Our Justice for Animals Campaign Director Reflects on 29 Years in the Deep South
It’s been 29 years since our Doll Stanley arrived in Mississippi and she wants to make it clear that, no, the time has not flown by. There have been many uphill battles, but joyously, there have also been many victories won, partnerships forged and nearly too many animals saved to count thanks to your support. Doll tells us her story in her own words.
On February 12, 1993, I flew into Memphis, Tennessee, on a mission to Mississippi. I was to aid locals who had uncovered two Class B animal dealers licensed by the U.S. Department of Agriculture (USDA) who were going about their nefarious business of “procuring” dogs and cats to sell to labs across the nation. Our planned two-week work with locals to give them the backing to act locally uncovered genuinely caring people. My undercover days at trade and sell days, gaining access to the kennels of one of the dealers, and more, much more, led to our forcing the USDA to act judiciously and revoke the licenses of Jerry Vance and Jeff Hodges.
After emerging victorious from this amazingly intriguing and often frightening and perilous campaign, I would have returned to our home office in San Rafael, California. However, six months of learning the needs of the region, and having seen and become involved in cruelty cases, rooted both me and my workplace of In Defense of Animals in the Deep South and the Justice for Animals campaign and Hope Animal Sanctuary evolved as my few acres were soon a haven to pigs, spent hens by the hundreds, horses, cows, geese, rabbits. emus, rats seized from a pet shop supplier’s warehouse, cats, dogs (including 54 from one raid on a dogfighter), and other amazingly individual animals.
We shut down a pet shop supplier, puppy mills, hoarders, freed 86 lions, tigers, bears, a camel, a liger, a puma, and 22 stallions from a bizarre hoarder. Our case rendered animal hoarder, Catherine Twiss, the largest fine for animal cruelty in Mississippi history. We’ve held presentations for schools and clubs for both children and adults.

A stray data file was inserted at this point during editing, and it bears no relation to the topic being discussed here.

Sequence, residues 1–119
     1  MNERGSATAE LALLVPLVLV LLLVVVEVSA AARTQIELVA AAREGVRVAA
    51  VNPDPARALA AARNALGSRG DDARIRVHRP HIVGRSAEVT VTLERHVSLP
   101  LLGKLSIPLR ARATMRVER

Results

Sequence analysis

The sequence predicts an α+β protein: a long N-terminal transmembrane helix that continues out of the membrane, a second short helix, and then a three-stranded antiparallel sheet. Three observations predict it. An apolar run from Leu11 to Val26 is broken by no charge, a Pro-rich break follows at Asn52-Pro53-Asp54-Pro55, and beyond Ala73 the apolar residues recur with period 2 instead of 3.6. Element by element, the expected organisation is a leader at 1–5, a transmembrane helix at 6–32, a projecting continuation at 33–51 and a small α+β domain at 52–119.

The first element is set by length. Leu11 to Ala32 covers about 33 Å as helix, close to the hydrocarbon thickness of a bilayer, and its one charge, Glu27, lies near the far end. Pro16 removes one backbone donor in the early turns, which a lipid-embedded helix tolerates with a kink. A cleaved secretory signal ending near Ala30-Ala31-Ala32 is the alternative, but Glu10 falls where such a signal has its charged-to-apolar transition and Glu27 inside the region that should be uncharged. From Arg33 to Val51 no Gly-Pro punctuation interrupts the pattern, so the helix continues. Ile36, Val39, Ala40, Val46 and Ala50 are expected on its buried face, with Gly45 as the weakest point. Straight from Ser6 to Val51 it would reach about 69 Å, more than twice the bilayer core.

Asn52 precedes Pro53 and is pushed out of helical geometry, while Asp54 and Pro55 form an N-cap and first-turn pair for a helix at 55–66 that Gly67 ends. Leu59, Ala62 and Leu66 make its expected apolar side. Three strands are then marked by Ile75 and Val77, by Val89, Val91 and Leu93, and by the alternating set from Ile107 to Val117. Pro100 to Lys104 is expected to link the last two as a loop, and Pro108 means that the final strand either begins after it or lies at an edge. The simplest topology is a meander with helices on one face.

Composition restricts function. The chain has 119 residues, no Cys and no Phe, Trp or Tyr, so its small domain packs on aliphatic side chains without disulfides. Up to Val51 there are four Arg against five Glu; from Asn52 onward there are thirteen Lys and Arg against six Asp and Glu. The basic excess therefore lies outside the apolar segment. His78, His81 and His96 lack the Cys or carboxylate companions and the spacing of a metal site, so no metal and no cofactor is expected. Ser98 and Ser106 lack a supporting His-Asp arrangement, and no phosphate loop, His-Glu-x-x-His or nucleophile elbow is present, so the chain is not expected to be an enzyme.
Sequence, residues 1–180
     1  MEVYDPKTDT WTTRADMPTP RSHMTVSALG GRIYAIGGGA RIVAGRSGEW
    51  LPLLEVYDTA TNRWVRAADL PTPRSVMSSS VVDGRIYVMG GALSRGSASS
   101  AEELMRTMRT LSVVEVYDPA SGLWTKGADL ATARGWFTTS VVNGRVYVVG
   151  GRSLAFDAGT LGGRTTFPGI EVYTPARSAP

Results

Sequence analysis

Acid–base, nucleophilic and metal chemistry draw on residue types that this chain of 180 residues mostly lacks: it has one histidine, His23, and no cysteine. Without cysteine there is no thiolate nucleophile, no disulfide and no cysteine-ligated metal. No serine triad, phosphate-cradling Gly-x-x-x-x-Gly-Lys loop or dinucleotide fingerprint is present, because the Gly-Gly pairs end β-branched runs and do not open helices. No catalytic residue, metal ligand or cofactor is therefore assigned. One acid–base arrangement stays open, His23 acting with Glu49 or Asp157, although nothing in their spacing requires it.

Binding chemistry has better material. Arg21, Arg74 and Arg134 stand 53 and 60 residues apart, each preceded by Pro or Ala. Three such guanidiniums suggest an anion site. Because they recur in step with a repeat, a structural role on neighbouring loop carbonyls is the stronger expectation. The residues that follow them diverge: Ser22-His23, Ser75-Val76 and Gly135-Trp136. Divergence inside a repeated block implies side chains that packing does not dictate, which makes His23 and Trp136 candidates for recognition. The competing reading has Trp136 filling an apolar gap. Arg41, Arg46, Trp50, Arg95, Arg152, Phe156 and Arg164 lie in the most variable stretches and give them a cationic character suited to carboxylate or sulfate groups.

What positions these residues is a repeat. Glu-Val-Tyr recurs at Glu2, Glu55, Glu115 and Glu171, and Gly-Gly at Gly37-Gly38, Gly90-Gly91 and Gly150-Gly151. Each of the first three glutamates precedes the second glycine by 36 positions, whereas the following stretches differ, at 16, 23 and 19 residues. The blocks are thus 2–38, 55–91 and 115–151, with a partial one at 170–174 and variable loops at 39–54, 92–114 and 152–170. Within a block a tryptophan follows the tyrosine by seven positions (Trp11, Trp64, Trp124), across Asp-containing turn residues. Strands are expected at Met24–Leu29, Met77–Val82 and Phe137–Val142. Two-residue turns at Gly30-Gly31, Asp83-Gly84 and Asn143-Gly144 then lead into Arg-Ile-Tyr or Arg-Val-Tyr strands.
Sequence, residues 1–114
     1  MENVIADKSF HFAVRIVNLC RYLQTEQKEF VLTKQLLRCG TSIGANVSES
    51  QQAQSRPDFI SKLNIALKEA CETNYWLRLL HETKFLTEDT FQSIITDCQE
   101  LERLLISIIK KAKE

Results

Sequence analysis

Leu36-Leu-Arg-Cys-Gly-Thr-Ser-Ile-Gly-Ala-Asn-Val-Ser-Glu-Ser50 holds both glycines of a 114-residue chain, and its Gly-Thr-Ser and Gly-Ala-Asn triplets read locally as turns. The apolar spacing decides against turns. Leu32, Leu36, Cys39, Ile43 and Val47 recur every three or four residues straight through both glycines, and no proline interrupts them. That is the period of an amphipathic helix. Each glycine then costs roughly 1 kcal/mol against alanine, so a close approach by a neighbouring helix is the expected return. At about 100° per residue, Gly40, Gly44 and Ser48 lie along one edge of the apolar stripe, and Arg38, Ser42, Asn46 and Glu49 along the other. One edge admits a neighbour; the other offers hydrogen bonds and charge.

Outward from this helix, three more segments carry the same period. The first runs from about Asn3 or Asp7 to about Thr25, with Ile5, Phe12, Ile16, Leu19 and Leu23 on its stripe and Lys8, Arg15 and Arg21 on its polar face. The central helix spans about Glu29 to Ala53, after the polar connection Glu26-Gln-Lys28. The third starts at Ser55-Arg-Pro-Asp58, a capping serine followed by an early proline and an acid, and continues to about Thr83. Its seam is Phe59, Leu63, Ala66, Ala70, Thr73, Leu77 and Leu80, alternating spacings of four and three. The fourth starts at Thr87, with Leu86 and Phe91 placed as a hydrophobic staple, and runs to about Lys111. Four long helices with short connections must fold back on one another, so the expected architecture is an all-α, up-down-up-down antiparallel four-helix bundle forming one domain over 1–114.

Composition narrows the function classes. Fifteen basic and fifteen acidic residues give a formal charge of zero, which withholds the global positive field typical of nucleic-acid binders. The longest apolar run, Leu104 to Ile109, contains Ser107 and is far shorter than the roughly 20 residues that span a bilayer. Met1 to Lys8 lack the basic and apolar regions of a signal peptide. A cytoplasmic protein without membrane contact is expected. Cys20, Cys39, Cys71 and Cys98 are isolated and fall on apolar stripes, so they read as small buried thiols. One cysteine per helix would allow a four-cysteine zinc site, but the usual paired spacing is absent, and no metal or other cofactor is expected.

We’ve worked hundreds of cases here and aligned with fellow advocates, animal control officers, shelters, rescues, law enforcement, judges and their clerks, state agencies, legislators, and media, and together our resources, knowledge, and commitment have freed so many animals: from 683 animals in just one seizure to merely one, one precious soul whose pitiful cries and forlorn eyes would transform with care and compassion. Spent hens learned within days that their feet were for more than standing and crouching as they gained strength, and those who perished from swollen head syndrome at least didn’t perish in their cages or the waste channels beneath them. We scrambled in miserably inclement weather to save as many chickens as we could when a truck carrying them to their deaths hydroplaned and caused them horrifying misery, some crushed, some buried in mud, others wandering in a daze.
Our cases have led to progressive legislation. Our first campaign to expose and close Vance and Hodges inspired the Mississippi legislature to pass a law to strictly regulate animal dealers. Our case with exotic animals led to state regulations and restrictions on the keeping of exotic and potentially dangerous animals. We aided with the language for the strengthened dogfighting statute, sued Mississippi State University (MSU) over greyhounds improperly given to the school for research by a defunct track. Our case went to the Mississippi State Supreme Court and we prevailed with a scathing opinion about a lower court ruling.
Our founder, Dr. Elliot Katz would be proud that his mission and legacy of compassion are in good hands with Dr. Marilyn Kroplick and the team at In Defense of Animals.
I could write a memoir on the successes that In Defense of Animals has achieved with your support. Without our family of supporters, we could not function. You are virtually there step-by-step with every single act of mercy that we undertake. We simply could not do it without you.
Doll Stanley, Justice for Animals Campaign